The enemy will either have to traverse the deep moat, or circumnavigate its boundary whilst continuously receiving incoming fire from Hakka archers safely ensconced within the fortified structure.
This festival was organised to highlight the historical association between the Hakka people and their practice of Chinese Ch’an Buddhism, and to explore the many different aspects of Hakka culture and Ch’an Buddhist practice. Another important aspect was to encourage cross-straits Hakka Ch’an Buddhist cultural interaction between Meizhou, Taiwan, Hong Kong and Macao.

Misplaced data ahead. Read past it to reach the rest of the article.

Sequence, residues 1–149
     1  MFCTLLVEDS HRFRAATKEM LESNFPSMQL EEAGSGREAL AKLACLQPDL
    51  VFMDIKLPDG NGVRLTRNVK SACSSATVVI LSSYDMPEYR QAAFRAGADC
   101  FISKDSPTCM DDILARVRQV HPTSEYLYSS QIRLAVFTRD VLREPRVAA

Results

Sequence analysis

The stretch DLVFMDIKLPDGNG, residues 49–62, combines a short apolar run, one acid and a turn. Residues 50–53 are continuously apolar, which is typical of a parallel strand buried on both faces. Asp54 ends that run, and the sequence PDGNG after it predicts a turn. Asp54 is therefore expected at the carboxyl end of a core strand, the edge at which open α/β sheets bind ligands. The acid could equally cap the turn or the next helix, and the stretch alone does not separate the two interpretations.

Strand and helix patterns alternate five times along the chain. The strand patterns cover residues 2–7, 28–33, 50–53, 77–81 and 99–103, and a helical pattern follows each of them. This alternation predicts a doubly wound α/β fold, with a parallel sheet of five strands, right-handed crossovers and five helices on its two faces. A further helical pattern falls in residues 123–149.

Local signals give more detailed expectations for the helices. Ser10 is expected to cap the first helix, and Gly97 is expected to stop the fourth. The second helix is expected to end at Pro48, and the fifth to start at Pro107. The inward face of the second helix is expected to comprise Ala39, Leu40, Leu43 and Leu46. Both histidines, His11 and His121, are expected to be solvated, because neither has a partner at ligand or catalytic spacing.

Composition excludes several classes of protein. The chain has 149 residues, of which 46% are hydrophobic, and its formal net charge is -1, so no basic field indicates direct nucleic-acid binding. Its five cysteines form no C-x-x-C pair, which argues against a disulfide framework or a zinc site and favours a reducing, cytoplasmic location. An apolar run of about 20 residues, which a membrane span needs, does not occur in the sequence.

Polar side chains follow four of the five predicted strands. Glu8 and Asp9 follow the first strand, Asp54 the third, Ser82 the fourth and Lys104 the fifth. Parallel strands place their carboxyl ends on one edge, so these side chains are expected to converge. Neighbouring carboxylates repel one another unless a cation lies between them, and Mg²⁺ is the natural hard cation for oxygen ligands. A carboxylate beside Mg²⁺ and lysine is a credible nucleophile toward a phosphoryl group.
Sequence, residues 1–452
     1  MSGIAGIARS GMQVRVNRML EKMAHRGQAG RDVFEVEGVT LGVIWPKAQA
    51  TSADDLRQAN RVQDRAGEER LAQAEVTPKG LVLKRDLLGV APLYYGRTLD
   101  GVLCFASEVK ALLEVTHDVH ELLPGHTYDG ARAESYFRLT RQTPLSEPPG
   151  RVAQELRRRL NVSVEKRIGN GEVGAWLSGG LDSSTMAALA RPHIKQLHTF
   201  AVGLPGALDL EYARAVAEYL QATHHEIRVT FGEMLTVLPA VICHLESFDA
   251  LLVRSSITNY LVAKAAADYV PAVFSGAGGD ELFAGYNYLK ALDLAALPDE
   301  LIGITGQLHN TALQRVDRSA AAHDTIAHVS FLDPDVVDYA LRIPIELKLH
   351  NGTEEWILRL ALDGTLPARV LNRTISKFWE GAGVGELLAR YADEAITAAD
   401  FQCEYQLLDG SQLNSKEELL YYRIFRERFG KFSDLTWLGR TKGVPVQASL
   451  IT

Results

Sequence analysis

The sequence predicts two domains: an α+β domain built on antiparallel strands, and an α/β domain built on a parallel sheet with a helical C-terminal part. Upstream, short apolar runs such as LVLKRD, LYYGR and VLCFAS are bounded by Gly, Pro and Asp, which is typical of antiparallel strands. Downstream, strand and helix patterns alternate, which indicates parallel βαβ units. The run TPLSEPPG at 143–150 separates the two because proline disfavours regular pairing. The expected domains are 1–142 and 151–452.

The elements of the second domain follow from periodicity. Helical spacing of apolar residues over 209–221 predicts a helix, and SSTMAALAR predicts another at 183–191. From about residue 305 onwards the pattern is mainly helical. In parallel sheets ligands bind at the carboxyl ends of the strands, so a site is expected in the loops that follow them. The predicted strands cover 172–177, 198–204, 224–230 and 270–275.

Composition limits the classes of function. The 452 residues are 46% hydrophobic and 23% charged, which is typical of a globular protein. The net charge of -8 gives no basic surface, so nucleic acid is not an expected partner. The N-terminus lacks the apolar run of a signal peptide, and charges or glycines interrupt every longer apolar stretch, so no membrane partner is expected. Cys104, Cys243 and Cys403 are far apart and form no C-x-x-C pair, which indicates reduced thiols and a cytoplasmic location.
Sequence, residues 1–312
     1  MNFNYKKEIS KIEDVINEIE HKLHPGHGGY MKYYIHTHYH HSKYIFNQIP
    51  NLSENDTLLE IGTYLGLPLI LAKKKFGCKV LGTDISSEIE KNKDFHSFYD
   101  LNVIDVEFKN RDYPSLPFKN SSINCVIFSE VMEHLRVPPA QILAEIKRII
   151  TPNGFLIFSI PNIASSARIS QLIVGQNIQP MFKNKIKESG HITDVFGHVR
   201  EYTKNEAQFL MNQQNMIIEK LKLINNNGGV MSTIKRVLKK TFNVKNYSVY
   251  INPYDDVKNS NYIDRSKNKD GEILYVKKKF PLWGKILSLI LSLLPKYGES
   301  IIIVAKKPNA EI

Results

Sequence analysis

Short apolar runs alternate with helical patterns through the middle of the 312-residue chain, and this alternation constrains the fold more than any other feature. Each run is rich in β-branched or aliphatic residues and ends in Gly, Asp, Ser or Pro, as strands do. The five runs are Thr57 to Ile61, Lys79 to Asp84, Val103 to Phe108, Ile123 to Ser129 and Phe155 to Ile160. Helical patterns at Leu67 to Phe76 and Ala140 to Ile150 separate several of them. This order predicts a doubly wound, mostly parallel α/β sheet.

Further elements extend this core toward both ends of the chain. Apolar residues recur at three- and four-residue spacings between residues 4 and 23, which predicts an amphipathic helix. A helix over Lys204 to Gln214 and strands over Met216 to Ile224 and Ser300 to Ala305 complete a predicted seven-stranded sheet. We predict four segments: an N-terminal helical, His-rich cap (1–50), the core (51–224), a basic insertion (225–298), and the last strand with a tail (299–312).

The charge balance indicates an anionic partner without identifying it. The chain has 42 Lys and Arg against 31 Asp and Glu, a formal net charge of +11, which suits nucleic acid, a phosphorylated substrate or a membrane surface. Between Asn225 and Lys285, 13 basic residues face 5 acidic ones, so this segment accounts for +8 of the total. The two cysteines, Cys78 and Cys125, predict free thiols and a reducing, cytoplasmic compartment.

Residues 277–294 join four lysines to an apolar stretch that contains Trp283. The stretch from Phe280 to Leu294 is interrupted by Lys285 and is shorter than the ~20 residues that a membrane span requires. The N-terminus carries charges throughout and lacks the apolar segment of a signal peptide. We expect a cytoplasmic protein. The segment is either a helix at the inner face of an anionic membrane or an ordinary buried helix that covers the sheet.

Within Hakka areas of China, the celebration of the Mid-Autumn Festival is also known as ‘Eighth Lunar Month’ and ‘Mid-Eighth Lunar Month’ Festival. During the Mid-Autumn Festival, Hakka people not only eat Moon Cakes, but also gather together to share the tradition of watching the Full Moon, and many other unique cultural activities.
From a young age many Hakka people join religious groups, be they Buddhist or Christian, etc. This is not because Hakka people are overly religious (as a rule Hakka people are more practical than religious), but rather as an insurance policy for a place to live in the after-life (should such an after-life exist).